Head from a royal shawabti
The figurine, which is broken away below the shoulders, is certainly royal, since it wears the striated nemes head-dress with coiled uraeus serpent, the head of which is broken away. The eyebrows and the rims of the eyes are in relief. The ears are large and set well back, the lobes show no evidence of marks to indicate piercing. The figure is not provided with a beard; the pigtail behind is missing.
The dimensions of the statuette favour an interpretation as a shawabti. By the edge of the lappet on the left shoulder can be seen a cord which would have been attached to a bag carried on the back of such figures (see no. 267). Royal shawabtis of the Late Period of Egyptian history are uncommon (see Aubert and Aubert, 1974: 210-15, 243-6, and for a recent overview, Schneider, 1993). It is probable that the present figurine can be added to their number. It is less likely to be a votive figure of a sovereign offered at one of the temples or shrines. Professor Hans Schneider (personal communication, 1993) ascribes it to the xxvith Dynasty and identifies it as probably Necho 11 or Psammetichus n on the evidence of the striated wig.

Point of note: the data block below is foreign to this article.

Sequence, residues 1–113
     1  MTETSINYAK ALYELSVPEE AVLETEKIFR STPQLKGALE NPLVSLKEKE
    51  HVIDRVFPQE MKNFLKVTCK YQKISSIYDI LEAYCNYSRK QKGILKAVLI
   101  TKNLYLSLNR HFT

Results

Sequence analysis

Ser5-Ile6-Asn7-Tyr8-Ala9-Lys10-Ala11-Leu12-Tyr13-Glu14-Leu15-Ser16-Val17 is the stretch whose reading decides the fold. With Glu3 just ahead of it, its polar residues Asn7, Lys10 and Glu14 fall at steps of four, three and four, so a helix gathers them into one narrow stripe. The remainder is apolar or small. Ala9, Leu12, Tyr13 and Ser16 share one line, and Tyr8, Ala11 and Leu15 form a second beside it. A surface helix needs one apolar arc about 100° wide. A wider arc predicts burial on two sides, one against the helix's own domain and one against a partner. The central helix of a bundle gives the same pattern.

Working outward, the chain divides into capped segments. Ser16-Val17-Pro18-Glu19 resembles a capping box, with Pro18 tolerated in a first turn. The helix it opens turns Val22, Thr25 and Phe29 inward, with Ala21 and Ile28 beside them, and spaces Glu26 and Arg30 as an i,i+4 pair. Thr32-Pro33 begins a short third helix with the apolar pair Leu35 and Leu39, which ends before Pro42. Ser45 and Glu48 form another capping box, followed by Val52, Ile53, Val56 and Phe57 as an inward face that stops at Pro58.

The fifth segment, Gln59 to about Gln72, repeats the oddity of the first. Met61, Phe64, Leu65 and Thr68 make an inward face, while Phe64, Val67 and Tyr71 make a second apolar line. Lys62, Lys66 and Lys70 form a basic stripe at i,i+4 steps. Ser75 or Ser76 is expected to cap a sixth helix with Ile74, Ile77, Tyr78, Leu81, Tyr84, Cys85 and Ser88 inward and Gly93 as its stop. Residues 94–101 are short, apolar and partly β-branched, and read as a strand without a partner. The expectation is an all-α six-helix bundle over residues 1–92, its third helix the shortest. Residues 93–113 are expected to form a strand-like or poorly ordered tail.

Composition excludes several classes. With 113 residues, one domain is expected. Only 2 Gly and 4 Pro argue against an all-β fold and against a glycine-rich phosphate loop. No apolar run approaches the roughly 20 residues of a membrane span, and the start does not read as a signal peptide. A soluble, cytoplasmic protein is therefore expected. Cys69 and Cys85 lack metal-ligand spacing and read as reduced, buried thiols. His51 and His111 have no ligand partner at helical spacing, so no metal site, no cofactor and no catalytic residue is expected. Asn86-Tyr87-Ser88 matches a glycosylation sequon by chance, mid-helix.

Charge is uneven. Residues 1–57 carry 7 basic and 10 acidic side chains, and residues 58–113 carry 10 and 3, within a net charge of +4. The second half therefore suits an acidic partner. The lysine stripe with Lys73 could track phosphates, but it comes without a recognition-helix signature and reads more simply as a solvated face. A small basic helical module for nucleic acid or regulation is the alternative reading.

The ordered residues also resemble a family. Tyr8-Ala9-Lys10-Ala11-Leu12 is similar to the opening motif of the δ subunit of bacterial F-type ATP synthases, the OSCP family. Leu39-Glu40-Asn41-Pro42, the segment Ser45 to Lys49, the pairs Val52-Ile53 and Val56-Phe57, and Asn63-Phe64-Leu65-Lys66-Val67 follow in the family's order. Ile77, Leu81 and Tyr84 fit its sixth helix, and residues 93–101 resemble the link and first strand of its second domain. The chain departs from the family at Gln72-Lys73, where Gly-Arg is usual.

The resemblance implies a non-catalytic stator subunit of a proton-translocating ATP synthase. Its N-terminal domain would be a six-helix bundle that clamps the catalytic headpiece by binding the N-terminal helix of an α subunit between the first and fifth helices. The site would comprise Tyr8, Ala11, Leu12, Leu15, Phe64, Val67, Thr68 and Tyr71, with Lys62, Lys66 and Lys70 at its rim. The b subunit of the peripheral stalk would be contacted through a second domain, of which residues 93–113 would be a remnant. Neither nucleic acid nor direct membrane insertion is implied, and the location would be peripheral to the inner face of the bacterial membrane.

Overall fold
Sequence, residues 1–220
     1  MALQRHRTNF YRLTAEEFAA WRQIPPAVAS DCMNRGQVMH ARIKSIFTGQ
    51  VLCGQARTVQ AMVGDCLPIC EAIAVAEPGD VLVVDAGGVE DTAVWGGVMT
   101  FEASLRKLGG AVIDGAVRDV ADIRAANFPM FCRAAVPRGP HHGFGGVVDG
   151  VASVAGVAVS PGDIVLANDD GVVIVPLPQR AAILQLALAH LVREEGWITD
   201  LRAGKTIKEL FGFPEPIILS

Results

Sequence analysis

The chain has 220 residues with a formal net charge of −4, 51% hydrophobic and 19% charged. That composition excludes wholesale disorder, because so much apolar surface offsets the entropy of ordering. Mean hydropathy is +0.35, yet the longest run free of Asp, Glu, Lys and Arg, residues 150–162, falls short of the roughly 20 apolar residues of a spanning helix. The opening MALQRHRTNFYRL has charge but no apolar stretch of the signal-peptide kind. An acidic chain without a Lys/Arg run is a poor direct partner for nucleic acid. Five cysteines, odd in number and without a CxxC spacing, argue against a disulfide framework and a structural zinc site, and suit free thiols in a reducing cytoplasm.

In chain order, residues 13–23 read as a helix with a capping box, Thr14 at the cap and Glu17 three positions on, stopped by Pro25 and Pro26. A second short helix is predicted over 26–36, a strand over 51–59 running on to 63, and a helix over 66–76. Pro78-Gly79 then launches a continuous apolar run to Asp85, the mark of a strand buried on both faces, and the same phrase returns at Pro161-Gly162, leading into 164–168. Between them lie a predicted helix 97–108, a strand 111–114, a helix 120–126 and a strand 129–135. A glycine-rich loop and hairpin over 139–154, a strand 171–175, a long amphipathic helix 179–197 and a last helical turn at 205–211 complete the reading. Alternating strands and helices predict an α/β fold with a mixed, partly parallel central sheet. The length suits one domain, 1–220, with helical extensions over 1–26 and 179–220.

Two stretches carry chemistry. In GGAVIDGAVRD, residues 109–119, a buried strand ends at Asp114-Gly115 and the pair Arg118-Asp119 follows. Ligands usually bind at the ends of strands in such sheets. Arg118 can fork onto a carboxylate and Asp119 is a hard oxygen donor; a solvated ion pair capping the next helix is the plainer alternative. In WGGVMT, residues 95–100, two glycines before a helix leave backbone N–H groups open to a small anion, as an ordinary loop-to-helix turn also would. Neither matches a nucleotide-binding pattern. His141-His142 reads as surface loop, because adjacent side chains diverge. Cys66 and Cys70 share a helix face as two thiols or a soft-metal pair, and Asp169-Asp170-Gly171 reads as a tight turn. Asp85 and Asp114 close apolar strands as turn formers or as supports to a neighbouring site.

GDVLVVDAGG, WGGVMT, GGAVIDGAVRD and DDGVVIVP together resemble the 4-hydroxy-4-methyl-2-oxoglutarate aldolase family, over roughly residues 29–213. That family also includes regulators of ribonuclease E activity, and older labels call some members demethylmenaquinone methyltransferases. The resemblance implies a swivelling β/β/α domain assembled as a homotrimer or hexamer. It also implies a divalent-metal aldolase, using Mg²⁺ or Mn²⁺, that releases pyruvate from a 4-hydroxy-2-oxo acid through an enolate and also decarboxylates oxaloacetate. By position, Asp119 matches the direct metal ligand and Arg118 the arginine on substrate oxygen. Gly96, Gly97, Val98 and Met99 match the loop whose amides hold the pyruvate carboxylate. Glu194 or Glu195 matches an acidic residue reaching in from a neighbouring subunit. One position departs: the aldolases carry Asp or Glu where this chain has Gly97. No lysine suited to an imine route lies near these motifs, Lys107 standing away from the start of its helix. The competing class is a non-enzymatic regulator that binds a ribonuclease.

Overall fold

Entry taken from Robert and Lisa Sainsbury Collection 3 volume catalogue, edited by Steven Hooper (Yale University Press, 1997).
Purchased by the Sainsbury Centre, University of East Anglia from Peter Sharrer in 1977 out of funds provided by Robert and Lisa Sainsbury.
Not on display
Title/Description: Head from a royal shawabti
Object Type: Figure
Measurements: h. 40 x w. 40 x d. 30 mm
Accession Number: 683
Historic Period: Dynasty XXX (380-343 BC)
Credit Line: Purchased with support from Robert and Lisa Sainsbury, 1977